Partner and head of the immigration team, Blake Morgan
I always had a strong interest in civil liberties and human rights so it seemed logical that I follow a career path that allowed me to protect these rights. I was also a natural debater at school so becoming a lawyer seemed an obvious choice.
I did my pupillage at 1 Grays Inn Square. It was a large common law set with a variety of practice areas and people, which was great. My pupillage was mostly in crime. The experience was invaluable in terms of advocacy training and learning how to deal with clients. I begged my pupil supervisor to let me have a month with an immigration practitioner. I still find the lessons I learnt in the early stages of my career invaluable.
My interest in civil liberties stems from growing up in Ireland in the 1970s and 1980s, which was a very different country then. Minorities’ rights were non-existent.
Despite qualifying a little later on (in my late twenties) I still found dealing with a diverse range of clients and the responsibility that comes with the role at an early stage a challenge. When I was only a few months’ qualified I found myself locked in a cell with a paranoid schizophrenic who was bashing his head on a concrete floor in an attempt to stop the voices he was hearing.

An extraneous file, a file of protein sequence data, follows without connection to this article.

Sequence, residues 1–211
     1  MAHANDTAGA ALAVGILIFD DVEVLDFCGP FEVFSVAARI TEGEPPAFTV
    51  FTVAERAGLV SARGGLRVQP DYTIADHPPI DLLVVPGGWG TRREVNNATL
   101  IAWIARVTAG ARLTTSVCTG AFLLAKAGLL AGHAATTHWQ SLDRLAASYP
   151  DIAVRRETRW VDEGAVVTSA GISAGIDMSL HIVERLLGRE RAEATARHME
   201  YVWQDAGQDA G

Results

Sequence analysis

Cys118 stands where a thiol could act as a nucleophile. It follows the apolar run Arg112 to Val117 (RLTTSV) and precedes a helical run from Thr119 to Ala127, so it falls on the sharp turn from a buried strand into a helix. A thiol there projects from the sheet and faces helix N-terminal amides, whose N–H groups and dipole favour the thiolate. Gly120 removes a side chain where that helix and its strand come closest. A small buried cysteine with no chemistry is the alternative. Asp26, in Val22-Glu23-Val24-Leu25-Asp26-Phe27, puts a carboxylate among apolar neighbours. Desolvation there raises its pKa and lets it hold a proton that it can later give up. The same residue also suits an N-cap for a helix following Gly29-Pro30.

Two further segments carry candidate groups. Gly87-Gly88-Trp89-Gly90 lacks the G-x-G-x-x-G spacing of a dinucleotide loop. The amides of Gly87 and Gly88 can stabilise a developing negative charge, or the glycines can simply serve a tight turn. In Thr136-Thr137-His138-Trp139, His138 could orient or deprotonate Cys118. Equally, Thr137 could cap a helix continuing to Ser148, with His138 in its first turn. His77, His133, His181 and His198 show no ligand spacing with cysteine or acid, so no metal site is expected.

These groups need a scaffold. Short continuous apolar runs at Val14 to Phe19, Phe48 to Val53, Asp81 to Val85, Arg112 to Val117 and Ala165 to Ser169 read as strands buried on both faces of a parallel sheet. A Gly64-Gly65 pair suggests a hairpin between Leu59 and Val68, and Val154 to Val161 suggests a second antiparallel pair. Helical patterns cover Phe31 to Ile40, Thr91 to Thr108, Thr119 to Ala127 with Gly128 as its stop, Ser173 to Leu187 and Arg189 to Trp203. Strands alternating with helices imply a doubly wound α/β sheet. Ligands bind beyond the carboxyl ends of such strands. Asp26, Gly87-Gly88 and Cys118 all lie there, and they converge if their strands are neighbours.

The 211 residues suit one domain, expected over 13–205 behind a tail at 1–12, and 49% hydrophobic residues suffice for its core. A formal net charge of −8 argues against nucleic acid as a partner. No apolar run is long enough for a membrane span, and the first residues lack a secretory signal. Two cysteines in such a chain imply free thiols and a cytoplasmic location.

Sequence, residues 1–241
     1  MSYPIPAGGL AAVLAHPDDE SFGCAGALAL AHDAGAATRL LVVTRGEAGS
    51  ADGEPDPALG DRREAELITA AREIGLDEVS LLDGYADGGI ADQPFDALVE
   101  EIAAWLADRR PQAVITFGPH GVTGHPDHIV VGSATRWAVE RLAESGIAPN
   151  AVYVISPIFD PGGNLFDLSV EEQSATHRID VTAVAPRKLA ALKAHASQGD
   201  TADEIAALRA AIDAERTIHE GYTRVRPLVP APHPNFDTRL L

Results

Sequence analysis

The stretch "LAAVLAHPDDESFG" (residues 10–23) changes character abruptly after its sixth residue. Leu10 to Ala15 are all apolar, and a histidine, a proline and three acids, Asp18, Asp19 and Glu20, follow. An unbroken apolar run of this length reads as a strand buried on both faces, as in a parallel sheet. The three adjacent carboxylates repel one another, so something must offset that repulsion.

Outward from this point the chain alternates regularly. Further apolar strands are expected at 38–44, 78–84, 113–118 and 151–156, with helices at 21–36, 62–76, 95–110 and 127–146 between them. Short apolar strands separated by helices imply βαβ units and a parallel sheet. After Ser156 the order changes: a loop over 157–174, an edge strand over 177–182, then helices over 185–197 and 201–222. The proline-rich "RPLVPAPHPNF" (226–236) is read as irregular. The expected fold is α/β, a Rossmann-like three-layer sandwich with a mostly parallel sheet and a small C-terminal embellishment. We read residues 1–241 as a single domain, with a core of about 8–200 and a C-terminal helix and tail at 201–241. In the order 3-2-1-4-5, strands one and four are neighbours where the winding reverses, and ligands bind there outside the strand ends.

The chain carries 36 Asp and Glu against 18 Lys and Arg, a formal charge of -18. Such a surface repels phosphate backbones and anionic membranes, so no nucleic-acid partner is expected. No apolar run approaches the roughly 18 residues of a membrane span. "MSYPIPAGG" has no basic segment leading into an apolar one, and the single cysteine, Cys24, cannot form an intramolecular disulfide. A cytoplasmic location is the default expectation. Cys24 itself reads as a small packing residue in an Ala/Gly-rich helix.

The hardest cases are the ones which really deserve to win but you lose at all stages. I represented a young gay couple who were fleeing persecution and homophobia. They were 100% genuine but they kept losing their asylum hearings.
Winning a case which resulted in a change of legislation was pretty exciting. I’ve also just moved over to Blake Morgan; the switch from a barristers’ chambers to a law firm has been a great new challenge.
You need to be dynamic as a lawyer. I specialise in immigration but I have advised, in an immigration context, on employment, contract, family and tax law.
Changes in the system and the axing of public funding mean that immigration law has changed beyond recognition since I started. Access to law was much more wide-ranging. However, the upside is that the current immigration legal world is smaller, and, in my opinion, much more dedicated and competent.
I hope that regressive legislation does not do away with the judicial checks and measures which have been in place for centuries.